CAMFED welcomes the release of a new report by the Education Commission – Transforming the Education Workforce: Learning Teams for a Learning Generation – which underlines the importance of strengthening, diversifying, and reimagining an education workforce in order to deliver inclusive, quality education for all.

This new report draws on existing evidence and innovations — from education and other sectors — that point to how the wider community can work together to achieve SDG4, and, as a consequence, other global goals.

CAMFED’s programs are designed around the recognition that communities play an important role in the education ecosystem, as part of the extended education workforce. We invest in their activism and recognize their expertise and deep insight into the local context. Together, we are supporting girls to succeed in education and in life.

Lucy Lake, CEO, CAMFED

Right now the world is not on track to achieve SDG4.  260 million children are out of school, and more than 600 million children are in school, but not learning the basics, leaving them without the adequate skills or knowledge required to thrive now and in the future. The report underscores teacher quality as the most important determinant of learning outcomes at the school level, but in many countries teachers are in short supply, isolated, and not supported to provide effective teaching and learning.

CAMFED contributed to the Education Commission Report, and shared its model of girls’ education, a holistic, grassroots-led approach delivered in partnership with departments of education, which recognizes and positions communities as stakeholders in the success of their children – in school and after school.

CAMFED invests in an education ecosystem, formed not just of a ‘workforce’ of teachers, but also of activists embedded in their local community, with members of the CAMFED alumnae network, CAMA, now spearheading our programs:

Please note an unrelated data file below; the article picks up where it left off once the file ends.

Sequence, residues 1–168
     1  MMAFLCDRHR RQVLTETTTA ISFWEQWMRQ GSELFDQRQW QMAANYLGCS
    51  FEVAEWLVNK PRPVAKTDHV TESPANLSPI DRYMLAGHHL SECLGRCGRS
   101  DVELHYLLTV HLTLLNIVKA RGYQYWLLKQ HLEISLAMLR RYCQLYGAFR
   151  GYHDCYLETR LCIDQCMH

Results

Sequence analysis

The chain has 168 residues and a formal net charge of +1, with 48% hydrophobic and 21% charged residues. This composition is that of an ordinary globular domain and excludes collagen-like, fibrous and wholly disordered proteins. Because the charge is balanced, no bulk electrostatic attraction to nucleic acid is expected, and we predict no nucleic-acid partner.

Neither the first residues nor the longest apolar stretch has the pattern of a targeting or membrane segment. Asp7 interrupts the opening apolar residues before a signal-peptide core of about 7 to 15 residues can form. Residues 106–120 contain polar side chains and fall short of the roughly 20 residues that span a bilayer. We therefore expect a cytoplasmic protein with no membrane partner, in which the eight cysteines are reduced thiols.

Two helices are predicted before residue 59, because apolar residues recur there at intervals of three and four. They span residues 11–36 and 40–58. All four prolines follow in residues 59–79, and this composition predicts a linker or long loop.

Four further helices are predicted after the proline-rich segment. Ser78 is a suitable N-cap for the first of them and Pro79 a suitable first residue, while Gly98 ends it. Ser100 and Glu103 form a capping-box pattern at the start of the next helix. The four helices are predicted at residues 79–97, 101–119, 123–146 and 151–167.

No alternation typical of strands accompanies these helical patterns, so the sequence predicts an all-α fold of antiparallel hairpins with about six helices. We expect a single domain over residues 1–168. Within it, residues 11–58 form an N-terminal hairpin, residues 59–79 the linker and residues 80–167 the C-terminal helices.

• CAMFED Alumnae – young women school graduates in the CAMA network share a deep committed to supporting the next generation of marginalized children in their education. By investing in building their skills, and enlisting their expertise, we’re supporting a new cadre of mentors, role models and future teachers. CAMA members volunteer as Learner Guides, delivering a life skills and wellbeing curriculum, and have been shown to significantly drive up learning outcomes. As Transition Guides, they step up to support girls and other young women as they navigate into adulthood.
  • Teacher Mentors – in every CAMFED partner school there is a specialist teacher, trained to offer pscho-social support to marginalized children at risk of school dropout.
  • Parents – as key stakeholders parents often become involved in support groups, working together to lead school feeding programs, the construction of new school facilities and other initiatives, including safeguarding of children at boarding facilities.
CAMFED’s ‘education workforce’

Part of the CAMFED  ‘education workforce’: A parent support group member, an education official, a school headmaster and a Teacher Mentor.

  • Local Leaders and Education Officials – with their knowledge and sway, local leaders galvanize communities to take action to support more children to go to school and succeed. 

Through our partnership with departments of education, we are working to scale programs that improve the quality of education for all, led by educated young women whose own experience of exclusion means that they know how to reach out to the most marginalized children, because the success of those who are hardest to reach is an important barometer for the success of an education system as a whole.

Read the Education Commission report: Transforming the Education Workforce: Learning Teams for a Learning Generation

Thank you to our generous recent donors

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